Tag Archives: AWS re:Invent

Understanding memory usage in your Java application with Amazon CodeGuru Profiler

Post Syndicated from Fernando Ciciliati original https://aws.amazon.com/blogs/devops/understanding-memory-usage-in-your-java-application-with-amazon-codeguru-profiler/

“Where has all that free memory gone?” This is the question we ask ourselves every time our application emits that dreaded OutOfMemoyError just before it crashes. Amazon CodeGuru Profiler can help you find the answer.

Thanks to its brand-new memory profiling capabilities, troubleshooting and resolving memory issues in Java applications (or almost anything that runs on the JVM) is much easier. AWS launched the CodeGuru Profiler Heap Summary feature at re:Invent 2020. This is the first step in helping us, developers, understand what our software is doing with all that memory it uses.

The Heap Summary view shows a list of Java classes and data types present in the Java Virtual Machine heap, alongside the amount of memory they’re retaining and the number of instances they represent. The following screenshot shows an example of this view.

Amazon CodeGuru Profiler heap summary view example

Figure: Amazon CodeGuru Profiler Heap Summary feature

Because CodeGuru Profiler is a low-overhead, production profiling service designed to be always on, it can capture and represent how memory utilization varies over time, providing helpful visual hints about the object types and the data types that exhibit a growing trend in memory consumption.

In the preceding screenshot, we can see that several lines on the graph are trending upwards:

  • The red top line, horizontal and flat, shows how much memory has been reserved as heap space in the JVM. In this case, we see a heap size of 512 MB, which can usually be configured in the JVM with command line parameters like -Xmx.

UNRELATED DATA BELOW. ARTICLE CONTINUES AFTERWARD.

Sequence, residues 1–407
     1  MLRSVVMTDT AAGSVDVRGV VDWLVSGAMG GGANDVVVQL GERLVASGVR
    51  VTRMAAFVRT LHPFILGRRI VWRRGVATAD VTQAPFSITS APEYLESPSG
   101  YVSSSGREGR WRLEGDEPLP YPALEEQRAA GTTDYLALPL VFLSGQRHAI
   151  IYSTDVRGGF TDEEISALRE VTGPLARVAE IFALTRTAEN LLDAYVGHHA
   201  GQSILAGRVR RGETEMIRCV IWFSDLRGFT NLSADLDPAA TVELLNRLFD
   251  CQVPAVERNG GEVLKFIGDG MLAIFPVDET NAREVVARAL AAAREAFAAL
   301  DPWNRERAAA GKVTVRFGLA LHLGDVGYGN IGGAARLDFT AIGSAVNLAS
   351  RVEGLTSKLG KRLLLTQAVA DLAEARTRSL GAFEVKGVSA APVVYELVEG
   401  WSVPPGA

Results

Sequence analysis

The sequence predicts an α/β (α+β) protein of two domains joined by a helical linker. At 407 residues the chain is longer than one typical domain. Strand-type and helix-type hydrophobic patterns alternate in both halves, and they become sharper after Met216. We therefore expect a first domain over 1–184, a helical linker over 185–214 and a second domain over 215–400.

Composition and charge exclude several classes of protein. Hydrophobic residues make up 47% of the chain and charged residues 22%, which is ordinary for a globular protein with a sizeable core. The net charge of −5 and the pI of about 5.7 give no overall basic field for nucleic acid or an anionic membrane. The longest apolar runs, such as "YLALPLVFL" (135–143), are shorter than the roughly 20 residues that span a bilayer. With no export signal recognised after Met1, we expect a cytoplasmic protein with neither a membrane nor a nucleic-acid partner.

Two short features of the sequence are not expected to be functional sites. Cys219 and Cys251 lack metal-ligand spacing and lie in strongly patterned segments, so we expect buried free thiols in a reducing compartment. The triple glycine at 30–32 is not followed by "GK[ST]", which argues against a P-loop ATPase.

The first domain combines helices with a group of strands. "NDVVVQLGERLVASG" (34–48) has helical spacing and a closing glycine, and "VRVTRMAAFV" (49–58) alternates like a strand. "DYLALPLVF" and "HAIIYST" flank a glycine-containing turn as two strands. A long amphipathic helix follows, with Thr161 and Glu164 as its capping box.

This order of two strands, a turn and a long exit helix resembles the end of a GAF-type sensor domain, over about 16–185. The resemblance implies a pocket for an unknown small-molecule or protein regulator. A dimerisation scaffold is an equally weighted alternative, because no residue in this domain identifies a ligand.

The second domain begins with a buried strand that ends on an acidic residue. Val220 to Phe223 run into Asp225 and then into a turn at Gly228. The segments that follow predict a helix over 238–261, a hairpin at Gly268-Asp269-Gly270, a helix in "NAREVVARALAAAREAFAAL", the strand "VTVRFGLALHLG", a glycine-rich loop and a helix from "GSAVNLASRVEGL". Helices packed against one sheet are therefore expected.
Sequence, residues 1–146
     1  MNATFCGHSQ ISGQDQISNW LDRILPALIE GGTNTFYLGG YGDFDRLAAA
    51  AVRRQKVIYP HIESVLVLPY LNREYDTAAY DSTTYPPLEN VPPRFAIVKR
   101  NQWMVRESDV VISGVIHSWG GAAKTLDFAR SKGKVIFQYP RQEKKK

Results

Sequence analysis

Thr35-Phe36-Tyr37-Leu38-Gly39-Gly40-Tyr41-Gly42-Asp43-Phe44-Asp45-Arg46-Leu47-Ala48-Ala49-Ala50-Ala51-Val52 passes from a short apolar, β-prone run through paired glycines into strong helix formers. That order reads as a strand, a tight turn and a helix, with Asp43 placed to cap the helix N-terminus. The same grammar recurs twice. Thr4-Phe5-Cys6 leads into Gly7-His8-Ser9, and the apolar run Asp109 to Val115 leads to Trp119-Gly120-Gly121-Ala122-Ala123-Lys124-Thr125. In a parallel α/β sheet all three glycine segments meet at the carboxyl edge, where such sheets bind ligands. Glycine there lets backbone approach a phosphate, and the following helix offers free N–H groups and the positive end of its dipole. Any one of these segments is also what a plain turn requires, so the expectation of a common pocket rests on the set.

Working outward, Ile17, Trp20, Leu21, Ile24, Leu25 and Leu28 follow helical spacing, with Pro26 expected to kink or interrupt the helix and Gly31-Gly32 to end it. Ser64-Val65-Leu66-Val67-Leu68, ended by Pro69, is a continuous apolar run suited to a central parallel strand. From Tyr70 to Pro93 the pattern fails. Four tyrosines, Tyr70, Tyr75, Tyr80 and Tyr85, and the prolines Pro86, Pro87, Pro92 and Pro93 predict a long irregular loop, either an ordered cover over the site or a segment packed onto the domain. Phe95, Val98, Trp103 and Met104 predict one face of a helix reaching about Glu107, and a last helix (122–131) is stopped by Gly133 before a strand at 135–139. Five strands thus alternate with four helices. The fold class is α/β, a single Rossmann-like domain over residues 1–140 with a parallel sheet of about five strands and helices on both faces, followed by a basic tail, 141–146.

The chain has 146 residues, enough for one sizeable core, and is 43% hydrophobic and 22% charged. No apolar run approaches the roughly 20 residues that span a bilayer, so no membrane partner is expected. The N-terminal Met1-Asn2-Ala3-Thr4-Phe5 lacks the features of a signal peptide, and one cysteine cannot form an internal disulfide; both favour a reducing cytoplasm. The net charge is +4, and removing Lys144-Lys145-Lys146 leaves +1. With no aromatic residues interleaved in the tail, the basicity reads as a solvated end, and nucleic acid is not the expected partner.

• The second line from the top, blue, represents the total memory in use in the heap, independent of their type.
  • The third, fourth, and fifth lines show how much memory space each specific type has been using historically in the heap. We can easily spot that java.util.LinkedHashMap$Entry and java.lang.UUID display growing trends, whereas byte[] has a flat line and seems stable in memory usage.

Types that exhibit constantly growing trend of memory utilization with time deserve a closer look. Profiler helps you focus your attention on these cases. Associating the information presented by the Profiler with your own knowledge of your application and code base, you can evaluate whether the amount of memory being used for a specific data type can be considered normal, or if it might be a memory leak – the unintentional holding of memory by an application due to the failure in freeing-up unused objects. In our example above, java.util.LinkedHashMap$Entry and java.lang.UUIDare good candidates for investigation.

To make this functionality available to customers, CodeGuru Profiler uses the power of Java Flight Recorder (JFR), which is now openly available with Java 8 (since OpenJDK release 262) and above. The Amazon CodeGuru Profiler agent for Java, which already does an awesome job capturing data about CPU utilization, has been extended to periodically collect memory retention metrics from JFR and submit them for processing and visualization via Amazon CodeGuru Profiler. Thanks to its high stability and low overhead, the Profiler agent can be safely deployed to services in production, because it is exactly there, under real workloads, that really interesting memory issues are most likely to show up.

Summary

For more information about CodeGuru Profiler and other AI-powered services in the Amazon CodeGuru family, see Amazon CodeGuru. If you haven’t tried the CodeGuru Profiler yet, start your 90-day free trial right now and understand why continuous profiling is becoming a must-have in every production environment. For Amazon CodeGuru customers who are already enjoying the benefits of always-on profiling, this new feature is available at no extra cost. Just update your Profiler agent to version 1.1.0 or newer, and enable Heap Summary in your agent configuration.